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Hip Strengthening (Kacy's Version)

Most runners I talk to know that they need strong hips in order to run injury-free, however they don’t usually know what that means in practice, so…

Look What You Made Me Do:

Write a blog about it in more detail than probably anyone asked me for.

When we are talking about hip/glute strength (these terms will be interchangeable for our purposes), we are referring to the muscles that stabilize the pelvis and extend the hip. However, these muscles don’t work in isolation and there are many factors that affect our ability to actually utilize our glutes in a way that benefits us as runners. This includes, but isn’t limited to: foot strength/balance, glute muscle strength, muscle tension of the pelvic girdle, neuromuscular control, muscle sequencing, fatigue, and running form.

We have to think of our hip strength journey like building a house - a weird, glute, and running-specific house. There needs to be a strong foundation upon which to build the walls, top it with a roof, and fill it with Pottery Barn’s best. The foundation is being able to access the muscles reliably, and to have the strength/endurance for those muscles to function step after step - for some of us as long as 26.2+ miles.

Of course my somewhat biased opinion is to see a Physical Therapist, who can help determine why your glutes are weak and can teach you how to use them through cuing, exercise, and a progressive program. For me and my patients, we start with basic movements such as bridges/hip thrusts, hip abduction movements (think Jane Fonda), and side planks. The timeline for progressing from these exercises is variable for everyone, but the key here is that we MUST progress from these. I think where a lot of hip strength programs “for runners” fail is that they never progress to a functional position, and for runners, that is standing on one foot.

Once we have the strength in place, we can start to work on the neuromuscular pattern that we want the glutes to serve while we’re running: maintaining a level pelvis and controlling the femur as we move through slight internal/external rotation throughout the gait cycle. Now that we are in a standing position, foot strength and control becomes a factor in proper form and sequencing. Continuing the theme of building the foundation first, we need sufficient balance and to remain grounded through the foot. This means having equal weight distribution across the entire foot with the foot tripod engaged throughout. (I've written about this previously)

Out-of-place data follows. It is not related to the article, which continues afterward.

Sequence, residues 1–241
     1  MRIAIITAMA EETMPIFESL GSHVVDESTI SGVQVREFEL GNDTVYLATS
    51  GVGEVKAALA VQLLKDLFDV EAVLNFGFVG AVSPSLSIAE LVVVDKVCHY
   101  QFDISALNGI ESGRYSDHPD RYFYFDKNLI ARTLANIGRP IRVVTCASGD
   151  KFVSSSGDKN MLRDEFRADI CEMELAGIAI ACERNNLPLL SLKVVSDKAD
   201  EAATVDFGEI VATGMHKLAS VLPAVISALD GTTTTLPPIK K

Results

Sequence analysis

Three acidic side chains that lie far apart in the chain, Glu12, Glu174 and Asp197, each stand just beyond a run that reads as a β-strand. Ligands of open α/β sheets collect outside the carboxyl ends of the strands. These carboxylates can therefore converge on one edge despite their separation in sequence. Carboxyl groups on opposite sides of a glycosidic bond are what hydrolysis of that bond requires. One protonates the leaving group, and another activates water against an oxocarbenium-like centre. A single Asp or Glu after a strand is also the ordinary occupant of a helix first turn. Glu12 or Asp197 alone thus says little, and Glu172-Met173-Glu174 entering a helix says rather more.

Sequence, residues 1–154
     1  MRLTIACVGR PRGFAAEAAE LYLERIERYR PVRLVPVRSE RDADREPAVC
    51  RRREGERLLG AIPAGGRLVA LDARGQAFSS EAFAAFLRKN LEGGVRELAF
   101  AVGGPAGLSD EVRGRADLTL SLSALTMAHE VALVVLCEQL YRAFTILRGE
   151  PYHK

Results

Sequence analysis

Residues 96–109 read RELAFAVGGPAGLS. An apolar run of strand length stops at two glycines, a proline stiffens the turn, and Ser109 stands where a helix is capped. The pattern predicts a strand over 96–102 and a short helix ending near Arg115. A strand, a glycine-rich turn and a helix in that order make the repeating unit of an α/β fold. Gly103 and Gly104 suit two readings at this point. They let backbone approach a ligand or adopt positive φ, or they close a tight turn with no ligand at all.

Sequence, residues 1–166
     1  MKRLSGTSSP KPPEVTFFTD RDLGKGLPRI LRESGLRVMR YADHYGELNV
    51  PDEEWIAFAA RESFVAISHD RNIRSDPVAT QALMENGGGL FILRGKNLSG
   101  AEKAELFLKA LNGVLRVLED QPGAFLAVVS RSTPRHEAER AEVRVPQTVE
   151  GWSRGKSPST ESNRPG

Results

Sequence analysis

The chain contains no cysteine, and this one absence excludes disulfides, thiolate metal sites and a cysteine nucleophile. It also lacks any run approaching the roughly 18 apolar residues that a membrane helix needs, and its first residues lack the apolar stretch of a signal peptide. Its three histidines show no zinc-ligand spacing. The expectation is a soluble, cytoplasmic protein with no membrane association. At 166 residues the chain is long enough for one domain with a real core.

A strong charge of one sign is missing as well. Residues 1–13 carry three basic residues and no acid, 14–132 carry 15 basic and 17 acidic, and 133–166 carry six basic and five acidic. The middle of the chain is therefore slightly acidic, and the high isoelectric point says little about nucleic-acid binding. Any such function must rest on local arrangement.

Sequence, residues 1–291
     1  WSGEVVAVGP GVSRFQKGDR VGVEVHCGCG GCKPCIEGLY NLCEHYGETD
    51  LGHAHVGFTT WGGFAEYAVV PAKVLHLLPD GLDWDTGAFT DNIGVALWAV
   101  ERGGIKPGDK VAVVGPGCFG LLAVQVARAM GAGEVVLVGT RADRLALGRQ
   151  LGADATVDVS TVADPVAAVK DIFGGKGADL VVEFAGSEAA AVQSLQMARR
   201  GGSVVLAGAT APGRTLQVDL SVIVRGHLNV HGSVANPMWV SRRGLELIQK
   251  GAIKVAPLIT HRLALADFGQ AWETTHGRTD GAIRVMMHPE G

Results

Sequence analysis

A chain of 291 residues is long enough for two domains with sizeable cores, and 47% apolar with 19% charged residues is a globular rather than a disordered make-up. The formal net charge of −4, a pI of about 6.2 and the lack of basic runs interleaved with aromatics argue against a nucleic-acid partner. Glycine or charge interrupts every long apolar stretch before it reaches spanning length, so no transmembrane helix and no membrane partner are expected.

From the solid base of our foot, we then can progress to lunge, single leg squat, and single leg deadlift patterns. Utilizing a partial single leg stance in the beginning can help provide a buffer as we’re still working on balance. I will typically start with slider lunges, kickstand deadlifts, standing clamshells, and supported single leg squats (using a TRX, wall, or another prop to help).

Doing these exercises slowly, intentionally, and with good form is key. Remember, we are working on the patterns of level pelvis and knee tracking (how did you forget already!?), so completing your exercises in front of a mirror, in clothing where you can see your hips, can be helpful in the beginning. Our hope is that you will be able to feel when you’re completing the exercise correctly without the visual feedback, but the mirror can help with your internal cuing.

Once you get the form down, then we NEED to add weight. Increasing the load is how we build strength and tissue resilience; body weight isn't going to cut it! No matter the combination of sets/reps that you complete, the last set should be challenging.

Strength takes time to develop, so be patient! You wouldn't expect to lift weight once and notice a difference, so be consistent! Body weight exercises can be done most days, and once we start adding weight, 2-3 times per week is appropriate.

Many of us know (All Too Well) that injuries suck. Let's keep those hips strong, shall we?

Keep going, you've got this!

Dr. Kacy Seynders


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